There aren’t many examples from the Fabbrica Italiana Automobili Torino in our club; some might cynically suggest that it’s because they’ve all rusted away or broken down, but if you put aside FIAT’s not completely ill-deserved reputation for rust and poor reliability, you’ll find that they’ve produced a number of very desirable classic sporting vehicles over the years.
One of the most popular was the 124 Sport Coupe which was in production from 1967 to 1975 in three generations (AC, BC and CC).
The coupe was designed by Mario Boano, known for designing the bodywork on the Ferrari 250 GT “Boano”. The coupe’s platform came from the 124 sedan which began production in 1966, Boano was hired by FIAT and was made responsible for the in-house design, whilst the 124 Spider was designed by Pininfarina on a similar, but 140 mm shorter wheelbase .
There were approximately 113,000 AC Coupes manufactured, 98,000 BC Coupes, and about 75,000 of the CC variety.
The coupe was quite advanced for its time, the four-cylinder, aluminum-headed, twin overhead cam engine was designed by ex-Ferrari engineer Aurelio Lampredi. Originally of 1438cc capacity in the AC, the engine grew to 1608 in the BC and 1756 in the CC. Other mechanicals included a 5-speed gearbox, power assisted disc brakes all around, double wishbone front suspension, twin carburettors on the BC, and suspension by coil springs.
Barry and Pam Dunstan have owned their 1971 BC coupe since 1982. It served 10 years as Pam’s daily driver where it earned a reputation amongst the locals for being quite a quick little car around town. In 1988, it was given an engine and gearbox rebuild and was also repainted in an Alfa Romeo red which was more vibrant than the original Fiat dark red colour. The engine bay was then subsequently repainted after the battery cable rubbed through and shorted out causing a fire, and then the bonnet was painted again more recently after a second engine bay fire – Barry has now fitted a fire extinguisher under the bonnet in case of further mishaps. Scorcher electronic ignition has now replaced the old Kettering points system in the distributor and the engine runs as sweetly as ever. The 1608 engine had an output of 118bhp which would push the 1000kg coupe up to 110mph. Barry says the car is still has plenty of get-up-an-go and will still top the old ‘ton’, although the wind noise is quite noticeable compared to modern cars.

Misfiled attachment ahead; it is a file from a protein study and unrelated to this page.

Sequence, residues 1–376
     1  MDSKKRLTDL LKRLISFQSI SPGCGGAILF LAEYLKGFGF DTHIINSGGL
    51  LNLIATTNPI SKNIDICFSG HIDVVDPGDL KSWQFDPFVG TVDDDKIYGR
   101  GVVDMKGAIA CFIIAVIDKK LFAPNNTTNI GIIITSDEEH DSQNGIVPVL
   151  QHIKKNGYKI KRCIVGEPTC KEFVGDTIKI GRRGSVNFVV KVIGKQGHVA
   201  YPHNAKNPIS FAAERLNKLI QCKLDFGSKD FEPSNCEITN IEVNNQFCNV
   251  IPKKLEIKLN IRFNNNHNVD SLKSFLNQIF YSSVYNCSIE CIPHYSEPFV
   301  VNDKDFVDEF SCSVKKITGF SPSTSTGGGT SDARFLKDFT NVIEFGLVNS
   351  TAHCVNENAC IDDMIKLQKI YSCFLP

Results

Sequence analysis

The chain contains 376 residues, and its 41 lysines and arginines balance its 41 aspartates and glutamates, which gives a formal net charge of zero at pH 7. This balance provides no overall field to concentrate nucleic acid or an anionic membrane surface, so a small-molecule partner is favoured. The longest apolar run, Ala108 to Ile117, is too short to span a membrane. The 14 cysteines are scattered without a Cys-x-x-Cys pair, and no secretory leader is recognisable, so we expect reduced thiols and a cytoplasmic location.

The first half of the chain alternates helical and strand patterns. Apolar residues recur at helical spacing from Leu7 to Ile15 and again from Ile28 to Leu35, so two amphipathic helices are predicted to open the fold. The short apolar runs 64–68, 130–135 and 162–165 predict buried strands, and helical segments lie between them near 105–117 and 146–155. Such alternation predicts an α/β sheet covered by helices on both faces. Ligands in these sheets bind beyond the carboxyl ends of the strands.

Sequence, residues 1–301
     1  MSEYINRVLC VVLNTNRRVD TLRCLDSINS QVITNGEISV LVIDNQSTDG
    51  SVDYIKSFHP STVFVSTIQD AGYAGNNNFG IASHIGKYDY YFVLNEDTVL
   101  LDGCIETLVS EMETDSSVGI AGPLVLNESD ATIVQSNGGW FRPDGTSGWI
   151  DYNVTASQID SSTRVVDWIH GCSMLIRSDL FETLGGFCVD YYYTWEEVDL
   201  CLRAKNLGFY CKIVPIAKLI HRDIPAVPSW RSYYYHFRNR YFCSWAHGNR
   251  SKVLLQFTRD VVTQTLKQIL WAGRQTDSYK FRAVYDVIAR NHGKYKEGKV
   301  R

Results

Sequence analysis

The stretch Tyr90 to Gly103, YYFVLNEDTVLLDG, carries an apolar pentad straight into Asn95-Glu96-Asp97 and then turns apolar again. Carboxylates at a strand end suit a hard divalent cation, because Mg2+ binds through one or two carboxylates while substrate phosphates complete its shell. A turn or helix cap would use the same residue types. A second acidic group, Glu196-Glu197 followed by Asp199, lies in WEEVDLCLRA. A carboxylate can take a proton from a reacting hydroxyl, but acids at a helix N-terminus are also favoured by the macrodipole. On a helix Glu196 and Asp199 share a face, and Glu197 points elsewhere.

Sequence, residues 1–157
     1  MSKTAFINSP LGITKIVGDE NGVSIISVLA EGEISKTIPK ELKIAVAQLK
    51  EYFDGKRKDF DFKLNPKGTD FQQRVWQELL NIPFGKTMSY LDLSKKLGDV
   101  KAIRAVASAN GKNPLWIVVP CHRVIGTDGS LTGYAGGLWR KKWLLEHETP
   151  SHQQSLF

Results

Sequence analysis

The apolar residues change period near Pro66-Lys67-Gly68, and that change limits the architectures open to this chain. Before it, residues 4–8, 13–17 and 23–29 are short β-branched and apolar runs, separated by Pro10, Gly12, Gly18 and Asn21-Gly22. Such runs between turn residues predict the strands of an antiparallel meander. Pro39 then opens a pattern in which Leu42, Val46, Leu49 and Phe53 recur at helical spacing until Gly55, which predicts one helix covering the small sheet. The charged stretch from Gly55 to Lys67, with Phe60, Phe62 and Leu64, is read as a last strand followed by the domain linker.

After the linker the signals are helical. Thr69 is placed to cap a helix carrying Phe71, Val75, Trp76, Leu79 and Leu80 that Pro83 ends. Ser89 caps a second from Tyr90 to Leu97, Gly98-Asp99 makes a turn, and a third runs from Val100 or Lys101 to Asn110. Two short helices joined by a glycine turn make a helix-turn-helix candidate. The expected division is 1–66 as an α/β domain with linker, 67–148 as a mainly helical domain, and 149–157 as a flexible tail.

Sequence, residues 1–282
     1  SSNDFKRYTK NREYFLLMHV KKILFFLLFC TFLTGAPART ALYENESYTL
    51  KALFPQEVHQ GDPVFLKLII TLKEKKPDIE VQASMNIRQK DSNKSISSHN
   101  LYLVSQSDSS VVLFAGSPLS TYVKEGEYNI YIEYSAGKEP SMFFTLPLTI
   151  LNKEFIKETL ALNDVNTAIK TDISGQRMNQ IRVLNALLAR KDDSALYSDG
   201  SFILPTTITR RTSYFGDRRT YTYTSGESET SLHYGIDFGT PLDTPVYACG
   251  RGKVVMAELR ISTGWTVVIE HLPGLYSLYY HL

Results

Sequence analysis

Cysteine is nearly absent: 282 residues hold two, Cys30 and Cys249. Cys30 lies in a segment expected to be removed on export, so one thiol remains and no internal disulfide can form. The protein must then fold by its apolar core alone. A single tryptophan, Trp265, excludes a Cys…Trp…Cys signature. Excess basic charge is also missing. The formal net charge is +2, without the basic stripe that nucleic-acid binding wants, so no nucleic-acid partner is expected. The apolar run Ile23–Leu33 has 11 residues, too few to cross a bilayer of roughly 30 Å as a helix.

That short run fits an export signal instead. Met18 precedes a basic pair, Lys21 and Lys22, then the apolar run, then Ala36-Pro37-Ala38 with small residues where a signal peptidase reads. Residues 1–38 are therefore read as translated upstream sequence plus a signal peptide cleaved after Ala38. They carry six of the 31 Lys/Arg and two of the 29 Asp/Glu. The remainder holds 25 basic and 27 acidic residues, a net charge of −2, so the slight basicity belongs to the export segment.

The interior features Hunter reclining bucket seats from the UK which Barry re-trimmed, destroying Pam’s sewing machine in the process. There was also a patch of rust in the passenger footwell that could be traced back to a spilled coffee that saturated the underfelt and ate through the bituminous sealer in that particular area.
The wheels are quite rare FIAT-Roosevelt alloys from the USA. They came from a wheel factory owned by President Roosevelt’s family and are fitted with a patented wheel stud design only found on these wheels.
It may have taken 12 months longer than anticipated, but it was great to see Barry and Pam’s 124 coupe on display this month at the Golf Club. The design has aged well and the car still looks smart.
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